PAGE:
A brief overview of Privileged Access Management (PAM)A brief overview of Privileged Access Management (PAM)

As organizations increasingly rely on digital technology, securing privileged access to critical systems and data has become a paramount concern. Privileged access management (PAM) is a crucial component of any comprehensive cybersecurity strategy. In this article, we will take a deep dive into PAM, exploring its definition, importance, best practices, and the tools used in implementing it.

What is Privileged Access Management (PAM)?

Privileged Access Management (PAM) is a cybersecurity practice that involves securing and managing privileged access to critical systems and sensitive data. Privileged access refers to the highest level of access in an organization’s IT infrastructure that enables users to control and modify critical systems and data. Examples of privileged accounts include administrator accounts, database administrators, network engineers, and other IT staff with privileged access to sensitive data.

PAM ensures that privileged access is granted only to authorized personnel and that access is granted on a need-to-know basis. It also ensures that access is monitored, recorded, and audited to detect and prevent any unauthorized access or misuse of privileged accounts.

Why is Privileged Access Management Important?

Privileged access is a prime target for cyber attackers, and a single compromised privileged account can result in a catastrophic data breach or system compromise. According to a recent survey, 74% of data breaches involved privileged access abuse. PAM helps organizations mitigate the risk of privileged access abuse by enforcing strict controls, such as the principle of least privilege, strong password management, and regular reviews and audits.

PAM also helps organizations meet compliance requirements, such as HIPAA, PCI DSS, and GDPR, which mandate strict controls over access to sensitive data. Failure to comply with these regulations can result in hefty fines, damage to the organization’s reputation, and legal liabilities.

Types of Privileged Accounts

Privileged accounts are user accounts that have elevated access to critical systems, applications, or data within an organization’s IT infrastructure. These accounts are often used by IT staff, system administrators, developers, and other personnel who require elevated privileges to perform their job functions.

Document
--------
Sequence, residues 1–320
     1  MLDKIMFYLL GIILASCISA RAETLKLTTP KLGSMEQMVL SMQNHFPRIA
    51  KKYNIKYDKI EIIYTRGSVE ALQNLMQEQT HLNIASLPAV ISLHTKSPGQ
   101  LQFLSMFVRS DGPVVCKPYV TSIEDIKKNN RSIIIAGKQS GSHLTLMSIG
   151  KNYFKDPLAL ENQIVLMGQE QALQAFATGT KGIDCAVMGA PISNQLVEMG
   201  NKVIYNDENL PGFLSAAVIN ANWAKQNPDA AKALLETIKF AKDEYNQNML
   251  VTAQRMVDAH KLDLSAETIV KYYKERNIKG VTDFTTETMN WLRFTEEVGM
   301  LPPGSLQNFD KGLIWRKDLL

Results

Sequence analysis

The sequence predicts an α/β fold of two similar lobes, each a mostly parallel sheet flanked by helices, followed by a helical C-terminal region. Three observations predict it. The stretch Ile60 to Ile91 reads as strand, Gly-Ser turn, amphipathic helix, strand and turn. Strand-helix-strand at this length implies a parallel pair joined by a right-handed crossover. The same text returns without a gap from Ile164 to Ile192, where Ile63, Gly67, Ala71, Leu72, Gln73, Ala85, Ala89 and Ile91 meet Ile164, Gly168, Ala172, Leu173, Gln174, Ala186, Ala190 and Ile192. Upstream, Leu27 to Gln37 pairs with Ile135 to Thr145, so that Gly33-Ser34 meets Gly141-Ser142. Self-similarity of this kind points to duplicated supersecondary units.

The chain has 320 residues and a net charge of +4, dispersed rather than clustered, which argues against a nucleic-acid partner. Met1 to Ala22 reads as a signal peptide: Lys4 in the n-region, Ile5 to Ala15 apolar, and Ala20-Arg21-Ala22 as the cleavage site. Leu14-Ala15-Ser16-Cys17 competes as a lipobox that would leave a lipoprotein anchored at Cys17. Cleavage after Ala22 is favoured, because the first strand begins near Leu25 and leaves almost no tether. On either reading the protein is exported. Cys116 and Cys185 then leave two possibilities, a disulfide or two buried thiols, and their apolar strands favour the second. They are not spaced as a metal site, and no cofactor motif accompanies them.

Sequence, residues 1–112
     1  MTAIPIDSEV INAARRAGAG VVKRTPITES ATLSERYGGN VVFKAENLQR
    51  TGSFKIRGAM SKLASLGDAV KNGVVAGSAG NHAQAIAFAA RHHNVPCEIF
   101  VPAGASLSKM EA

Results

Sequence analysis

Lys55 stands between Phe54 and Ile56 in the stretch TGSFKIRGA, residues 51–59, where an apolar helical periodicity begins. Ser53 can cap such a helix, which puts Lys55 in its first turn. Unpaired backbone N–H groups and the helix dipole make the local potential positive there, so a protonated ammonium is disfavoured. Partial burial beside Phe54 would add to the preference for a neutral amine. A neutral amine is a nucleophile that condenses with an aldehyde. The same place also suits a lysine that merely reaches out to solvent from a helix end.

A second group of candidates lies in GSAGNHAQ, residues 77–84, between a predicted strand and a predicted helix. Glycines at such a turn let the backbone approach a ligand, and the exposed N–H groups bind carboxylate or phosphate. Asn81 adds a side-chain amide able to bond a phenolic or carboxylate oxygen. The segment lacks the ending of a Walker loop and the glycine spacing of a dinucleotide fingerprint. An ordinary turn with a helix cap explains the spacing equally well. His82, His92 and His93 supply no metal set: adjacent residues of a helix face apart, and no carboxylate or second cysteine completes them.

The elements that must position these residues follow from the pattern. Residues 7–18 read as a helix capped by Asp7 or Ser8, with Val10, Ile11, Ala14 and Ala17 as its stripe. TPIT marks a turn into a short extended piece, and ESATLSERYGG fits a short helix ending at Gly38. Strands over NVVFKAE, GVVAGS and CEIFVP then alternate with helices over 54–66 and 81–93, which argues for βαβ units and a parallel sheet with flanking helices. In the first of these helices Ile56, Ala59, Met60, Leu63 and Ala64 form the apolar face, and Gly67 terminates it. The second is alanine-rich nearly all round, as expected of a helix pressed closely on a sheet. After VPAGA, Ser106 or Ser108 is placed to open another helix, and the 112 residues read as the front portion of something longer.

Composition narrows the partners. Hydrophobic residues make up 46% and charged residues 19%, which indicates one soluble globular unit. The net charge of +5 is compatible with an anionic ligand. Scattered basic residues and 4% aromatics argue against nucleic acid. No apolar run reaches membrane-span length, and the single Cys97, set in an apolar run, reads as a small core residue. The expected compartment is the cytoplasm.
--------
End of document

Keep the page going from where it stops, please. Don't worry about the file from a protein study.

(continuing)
There are several types of privileged accounts, including:

  1. Administrator Accounts: These accounts have the highest level of privileges within an organization’s IT infrastructure. They are typically used by system administrators to manage servers, network devices, and other critical IT resources.
  2. Root Accounts: Root accounts are similar to administrator accounts, but they are specific to Unix and Linux operating systems. They provide unrestricted access to the operating system and all its components.
  3. Service Accounts: Service accounts are used by applications and services to access other applications, services, or data within an organization’s IT infrastructure. They are often used to automate tasks and perform maintenance activities.
  4. Non-human Automation Accounts: These accounts are associated with an application, operating system, database, service, network device, etc. that is shared among multiple assets to enable functionality. While non-human automation accounts generally do not have blanket administrative rights, the compromise of one asset with the shared account can easily be used for lateral movement. In general, the existence of shared accounts represents a poor security practice. Yet, shared accounts persist because they are offering the most practical method to enable a use case.
  5. Database Administrator Accounts: These accounts have privileged access to databases and are used to manage, configure, and maintain databases.
  6. Network Device Administrator Accounts: These accounts are used to manage network devices, such as routers, switches, and firewalls. They provide privileged access to configure and maintain network infrastructure.
  7. Application Administrator Accounts: These accounts have elevated privileges within specific applications or software systems. They are used to manage, configure, and maintain applications and their associated data.
  8. Break glass Accounts:- These accounts are also referred to as emergency accounts or firecall accounts. Break glass accounts enable the user immediate access to an account they may not normally be authorized to access. Access may be provided to the highest-level system accounts, such as root accounts for Unix or SYS/SA for a database. As these accounts are only meant to be used during emergencies, access is typically time-limited via password expiration or other measures.